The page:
Fixing Legacy: What Should I Blow Up First?

Another good question came over the wires at work. My reply grew too long and I figured more people would want to see it. Besides, this way I can blog and call it a legitimate business activity.

Problem statement: what patterns and strategies work for choosing when and what to refactor? Does this change at scale?

Who Should I Listen To

The people I listen to most for this sort of thing are James Shore (who needs more names or fewer good articles to link to), Joshua Kerievsky, Michael Feathers, Corey Haines, and J.B. Rainsberger. They share 2 key traits:

  • They think deeply about reflective engineering and the systems and humans that do it.
  • They are active coders who work with real products (in all their legacy glory) every day.

I like to think that describes me too. So here’s my whack at it.

What Matters?

I see a couple of aspects to this (listed in descending order of importance):

  • Value: In refactoring legacy code (and, honestly, almost no one is working with anything but legacy code), the goal is to do the most valuable changes first. We might not ever refactor everything. So we need to get the high-value stuff first. But how do we find that?
  • Risk: Refactoring, like any code change, has the chance to introduce bugs. Not all bugs are equal. Some areas of the code are more difficult to observe, so bugs take longer to discover. Some are more critical scenarios, so bugs have more impact. We need a good way to take risk into account when choosing what to refactor.
  • Cost: Some code is just more expensive to change. It has more dependencies, more duplication (or near-duplication), more special cases, has seen less refactoring, is less documented, uses more arcane technologies, or is just written in a language with less tool support. All else being equal (it usually isn’t), we can get better ROI if we work on the easy stuff. In any case, refactoring is a skill. It takes time to learn. So it makes sense to start with some easy problems and to mix in harder problems as skill improves.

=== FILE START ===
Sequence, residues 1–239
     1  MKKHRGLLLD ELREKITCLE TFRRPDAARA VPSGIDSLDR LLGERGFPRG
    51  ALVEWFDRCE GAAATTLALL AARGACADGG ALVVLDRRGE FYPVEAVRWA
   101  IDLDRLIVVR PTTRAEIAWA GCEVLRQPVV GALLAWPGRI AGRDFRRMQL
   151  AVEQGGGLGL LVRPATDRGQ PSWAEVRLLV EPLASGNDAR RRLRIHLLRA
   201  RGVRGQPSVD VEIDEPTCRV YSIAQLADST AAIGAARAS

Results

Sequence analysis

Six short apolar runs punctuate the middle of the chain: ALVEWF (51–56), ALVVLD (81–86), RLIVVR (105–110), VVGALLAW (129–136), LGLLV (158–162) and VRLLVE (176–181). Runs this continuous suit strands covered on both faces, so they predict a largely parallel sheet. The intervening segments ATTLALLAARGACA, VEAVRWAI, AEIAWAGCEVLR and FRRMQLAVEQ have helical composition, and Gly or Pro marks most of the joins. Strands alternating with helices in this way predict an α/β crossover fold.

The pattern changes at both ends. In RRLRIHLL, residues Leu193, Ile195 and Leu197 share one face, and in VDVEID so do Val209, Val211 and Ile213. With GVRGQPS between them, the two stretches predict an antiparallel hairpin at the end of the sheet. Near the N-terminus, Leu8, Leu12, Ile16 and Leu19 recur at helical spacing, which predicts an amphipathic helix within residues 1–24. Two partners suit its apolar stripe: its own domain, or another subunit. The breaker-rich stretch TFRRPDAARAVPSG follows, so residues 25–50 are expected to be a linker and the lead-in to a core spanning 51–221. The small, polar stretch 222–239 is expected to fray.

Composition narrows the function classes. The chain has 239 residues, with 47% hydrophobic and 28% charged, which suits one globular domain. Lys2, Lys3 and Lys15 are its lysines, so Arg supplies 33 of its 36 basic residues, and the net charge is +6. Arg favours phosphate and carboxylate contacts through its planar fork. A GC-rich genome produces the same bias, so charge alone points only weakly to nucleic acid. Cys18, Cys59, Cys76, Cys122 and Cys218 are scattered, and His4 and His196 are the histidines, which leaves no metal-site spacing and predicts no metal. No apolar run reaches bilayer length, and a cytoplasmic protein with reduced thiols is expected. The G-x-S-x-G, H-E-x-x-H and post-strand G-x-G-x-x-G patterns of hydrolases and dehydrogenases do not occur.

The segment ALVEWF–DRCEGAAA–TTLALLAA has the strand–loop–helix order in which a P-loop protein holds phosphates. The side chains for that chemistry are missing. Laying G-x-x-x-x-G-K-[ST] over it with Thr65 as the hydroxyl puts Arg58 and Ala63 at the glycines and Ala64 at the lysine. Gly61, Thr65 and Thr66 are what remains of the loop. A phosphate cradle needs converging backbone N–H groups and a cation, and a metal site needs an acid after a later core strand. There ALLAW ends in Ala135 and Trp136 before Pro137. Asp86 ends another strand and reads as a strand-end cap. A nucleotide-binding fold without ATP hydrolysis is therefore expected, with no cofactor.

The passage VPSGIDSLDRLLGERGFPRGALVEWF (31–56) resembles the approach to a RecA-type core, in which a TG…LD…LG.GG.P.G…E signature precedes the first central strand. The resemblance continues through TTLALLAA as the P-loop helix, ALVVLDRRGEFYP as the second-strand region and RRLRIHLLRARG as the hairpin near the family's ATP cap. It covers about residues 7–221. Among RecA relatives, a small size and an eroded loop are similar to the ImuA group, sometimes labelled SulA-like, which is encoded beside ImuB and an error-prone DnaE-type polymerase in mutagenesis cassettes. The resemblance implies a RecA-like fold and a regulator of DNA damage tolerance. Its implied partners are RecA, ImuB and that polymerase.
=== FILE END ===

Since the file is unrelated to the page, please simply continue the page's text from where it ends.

• Authority: Depending on the team, there may be some code you aren’t allowed to change. It’s always nice when those boundaries don’t exist (you don’t end up with refactorings that extend just to the point of some boundary), but some of them are necessary for other reasons. This is lowest in importance because often the best answer is to figure out how to expand the team’s authority without losing the “other reasons.”

Now for some approaches that I’ve seen work and heard about working for others.

Leave each campsite a little cleaner

Features tend to cluster in most products. And new features tend to cluster with themselves and away from old features. The fact that you are working with a piece of code right now indicates a higher than average probability that you will work with it again soon. Therefore, focus your refactoring efforts on code that you touch while introducing features.

Some strategies of this kind include:

  • Add a refactoring budget to each story. For example, “for every hour that you spend working on a feature, you are required to then spend an hour refactoring some part of the code that you touched while working on that feature.”
  • Pair programming. Often the devs see the messes as they are working. When they are solo, they work around the problem, intending to come back later. And when they finish, they just want to get this code checked in and move the task. Pair partners really help people hold themselves accountable. They may decide to or not to do a particular refactoring, but the decision will be explicit.

We’re on a mission from god

It can be very helpful to have the whole team share a current mission. This helps motivation, allows clear reporting of progress, and allows you to take on one systemic issue at a time. It often makes sense to start with a simple, mechanical mission, and then work to more invasive ones as skill and confidence improves.

Some strategies of this kind include:

  • Focus on a recurring pattern. The most common and pernicious bug farm is a repeated pattern that appears throughout the code base. This might be a model that everything manipulates, a library that is called (directly) from everywhere, or user messages that get defined where they are discovered rather than in a centralized UI location. Pick one pattern that results in devs writing bugs. It will require changes throughout the code. Change a couple of call sites to discover what you should be doing instead (spike to find the right fix). Then communicate that plan and pull everyone in to applying the fix throughout the code.